Philip Morris Asia is currently running a massive sales promotion in Beijing at 10 large department stores, set to run until Jan. 15, in which smokers can exchange empty flip-top or soft packs of Marlboro cigarettes for Marlboro-branded sportswear, such as watches, bags, caps and jackets. A watch requires five empty packets; a jacket, from 50 to 60.
The cigarette marketer is also mailing details of the campaign to smokers in the city. However, the newspaper story claimed, print material has also been sent to middle-school students under age 18. According to the offer, only smokers over 18 can take part in the promotion. The paper shows a photo of middle-school student Guan Luning displaying print materials he received.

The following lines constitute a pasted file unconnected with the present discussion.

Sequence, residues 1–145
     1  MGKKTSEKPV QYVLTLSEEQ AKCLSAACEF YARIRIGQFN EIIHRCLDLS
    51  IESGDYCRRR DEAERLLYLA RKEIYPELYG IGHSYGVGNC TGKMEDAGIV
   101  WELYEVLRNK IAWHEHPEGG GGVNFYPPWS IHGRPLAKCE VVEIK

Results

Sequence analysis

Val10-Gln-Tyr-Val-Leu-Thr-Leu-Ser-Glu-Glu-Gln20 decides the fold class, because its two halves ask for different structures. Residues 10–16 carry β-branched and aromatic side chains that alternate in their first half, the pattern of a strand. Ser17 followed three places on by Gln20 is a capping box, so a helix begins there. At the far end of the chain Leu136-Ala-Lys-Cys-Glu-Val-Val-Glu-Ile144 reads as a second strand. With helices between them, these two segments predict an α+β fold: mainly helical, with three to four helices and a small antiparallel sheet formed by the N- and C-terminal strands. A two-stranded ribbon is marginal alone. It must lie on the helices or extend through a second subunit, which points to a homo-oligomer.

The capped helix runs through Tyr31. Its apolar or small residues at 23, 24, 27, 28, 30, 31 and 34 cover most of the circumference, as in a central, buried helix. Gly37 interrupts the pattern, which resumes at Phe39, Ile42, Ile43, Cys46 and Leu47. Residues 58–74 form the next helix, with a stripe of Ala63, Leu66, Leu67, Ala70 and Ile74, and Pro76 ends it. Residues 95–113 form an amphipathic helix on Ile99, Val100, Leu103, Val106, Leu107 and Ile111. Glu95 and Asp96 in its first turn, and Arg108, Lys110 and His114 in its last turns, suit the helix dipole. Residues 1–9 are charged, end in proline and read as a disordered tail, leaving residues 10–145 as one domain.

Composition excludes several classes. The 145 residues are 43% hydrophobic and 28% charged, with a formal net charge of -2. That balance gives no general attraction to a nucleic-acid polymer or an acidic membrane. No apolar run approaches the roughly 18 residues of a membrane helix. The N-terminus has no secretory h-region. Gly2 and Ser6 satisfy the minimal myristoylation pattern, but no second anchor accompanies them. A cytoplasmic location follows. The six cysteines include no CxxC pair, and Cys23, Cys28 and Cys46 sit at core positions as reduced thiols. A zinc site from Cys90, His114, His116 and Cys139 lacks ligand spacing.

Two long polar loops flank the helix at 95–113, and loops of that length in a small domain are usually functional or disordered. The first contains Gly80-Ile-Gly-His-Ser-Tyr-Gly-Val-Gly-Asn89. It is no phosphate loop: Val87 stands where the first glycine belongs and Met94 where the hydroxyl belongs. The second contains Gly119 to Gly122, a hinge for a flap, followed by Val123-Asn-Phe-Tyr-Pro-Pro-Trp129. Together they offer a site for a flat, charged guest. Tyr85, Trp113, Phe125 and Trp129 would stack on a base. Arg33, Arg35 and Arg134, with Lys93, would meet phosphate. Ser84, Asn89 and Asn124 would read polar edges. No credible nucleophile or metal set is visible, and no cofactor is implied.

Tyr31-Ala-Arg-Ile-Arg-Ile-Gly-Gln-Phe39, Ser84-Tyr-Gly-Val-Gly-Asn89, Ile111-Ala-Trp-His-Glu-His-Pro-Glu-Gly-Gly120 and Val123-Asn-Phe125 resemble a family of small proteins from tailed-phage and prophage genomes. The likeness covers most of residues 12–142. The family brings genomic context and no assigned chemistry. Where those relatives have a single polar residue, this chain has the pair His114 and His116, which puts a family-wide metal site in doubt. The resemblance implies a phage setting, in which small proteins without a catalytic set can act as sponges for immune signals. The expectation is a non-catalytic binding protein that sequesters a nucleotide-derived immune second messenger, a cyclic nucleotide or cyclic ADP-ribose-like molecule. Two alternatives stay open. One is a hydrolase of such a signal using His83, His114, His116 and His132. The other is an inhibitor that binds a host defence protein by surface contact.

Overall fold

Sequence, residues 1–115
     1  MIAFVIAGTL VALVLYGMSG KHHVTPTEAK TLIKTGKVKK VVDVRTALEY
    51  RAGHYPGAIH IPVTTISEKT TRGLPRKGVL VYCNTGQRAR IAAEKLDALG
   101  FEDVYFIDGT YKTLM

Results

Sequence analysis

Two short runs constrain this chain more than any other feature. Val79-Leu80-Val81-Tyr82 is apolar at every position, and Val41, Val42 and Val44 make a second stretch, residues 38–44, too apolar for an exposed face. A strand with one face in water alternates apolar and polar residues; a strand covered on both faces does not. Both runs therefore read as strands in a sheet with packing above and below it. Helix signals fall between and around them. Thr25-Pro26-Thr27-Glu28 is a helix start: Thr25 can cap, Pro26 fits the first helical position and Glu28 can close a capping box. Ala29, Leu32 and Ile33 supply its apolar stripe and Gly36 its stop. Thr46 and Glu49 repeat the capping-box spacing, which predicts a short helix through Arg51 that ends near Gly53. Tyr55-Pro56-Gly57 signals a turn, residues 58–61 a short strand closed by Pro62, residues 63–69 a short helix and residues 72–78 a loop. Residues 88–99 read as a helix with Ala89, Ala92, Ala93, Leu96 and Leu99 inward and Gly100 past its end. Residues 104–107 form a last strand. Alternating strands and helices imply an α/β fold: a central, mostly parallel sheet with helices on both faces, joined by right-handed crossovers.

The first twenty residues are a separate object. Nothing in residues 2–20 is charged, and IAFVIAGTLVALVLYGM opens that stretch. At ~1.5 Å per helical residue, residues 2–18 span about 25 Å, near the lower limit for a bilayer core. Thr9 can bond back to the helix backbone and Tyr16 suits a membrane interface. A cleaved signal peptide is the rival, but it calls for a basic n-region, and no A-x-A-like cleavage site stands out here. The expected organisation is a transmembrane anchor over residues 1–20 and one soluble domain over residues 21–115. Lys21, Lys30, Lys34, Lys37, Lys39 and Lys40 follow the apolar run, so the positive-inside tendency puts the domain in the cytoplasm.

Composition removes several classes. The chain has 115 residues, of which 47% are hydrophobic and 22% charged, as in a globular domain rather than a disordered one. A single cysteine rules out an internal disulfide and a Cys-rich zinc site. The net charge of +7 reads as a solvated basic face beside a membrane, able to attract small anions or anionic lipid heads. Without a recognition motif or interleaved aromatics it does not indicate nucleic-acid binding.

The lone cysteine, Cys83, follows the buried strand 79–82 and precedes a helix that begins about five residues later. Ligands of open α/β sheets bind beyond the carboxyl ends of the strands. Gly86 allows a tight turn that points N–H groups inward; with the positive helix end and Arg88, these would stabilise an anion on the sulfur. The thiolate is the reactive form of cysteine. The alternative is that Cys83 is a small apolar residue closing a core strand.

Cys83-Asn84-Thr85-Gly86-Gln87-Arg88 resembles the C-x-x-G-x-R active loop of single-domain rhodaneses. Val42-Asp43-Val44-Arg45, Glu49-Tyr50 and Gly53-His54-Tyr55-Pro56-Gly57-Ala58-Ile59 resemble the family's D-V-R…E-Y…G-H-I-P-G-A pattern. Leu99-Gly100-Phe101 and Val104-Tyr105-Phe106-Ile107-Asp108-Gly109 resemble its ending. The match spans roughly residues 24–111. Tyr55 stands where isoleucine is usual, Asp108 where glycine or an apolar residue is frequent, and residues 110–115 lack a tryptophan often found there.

Tobacco advertising is strictly forbidden in China. As a result, foreign-brand cigarette marketers use other means of promoting products and expanding sales. Most commonly, marketers sponsor sports matches - including the country's national football and basketball contests.
Earlier this year, B.A.T's 555 launched a campaign in Hangzhou, capital city of Southeast China's Zhejing Province, to encourage smokers to exchange their Chinese cigarette brands for packs of 555, arousing criticism from both the public and Chinese cigarette makers.
Marlboro's direct mail has been met with concern from smokers as well as the general public, particularly critical of the way the U.S. marketer is promoting the sale of cigarettes in China while it is under attack at home.
Copyright December 1997, Crain Communications Inc.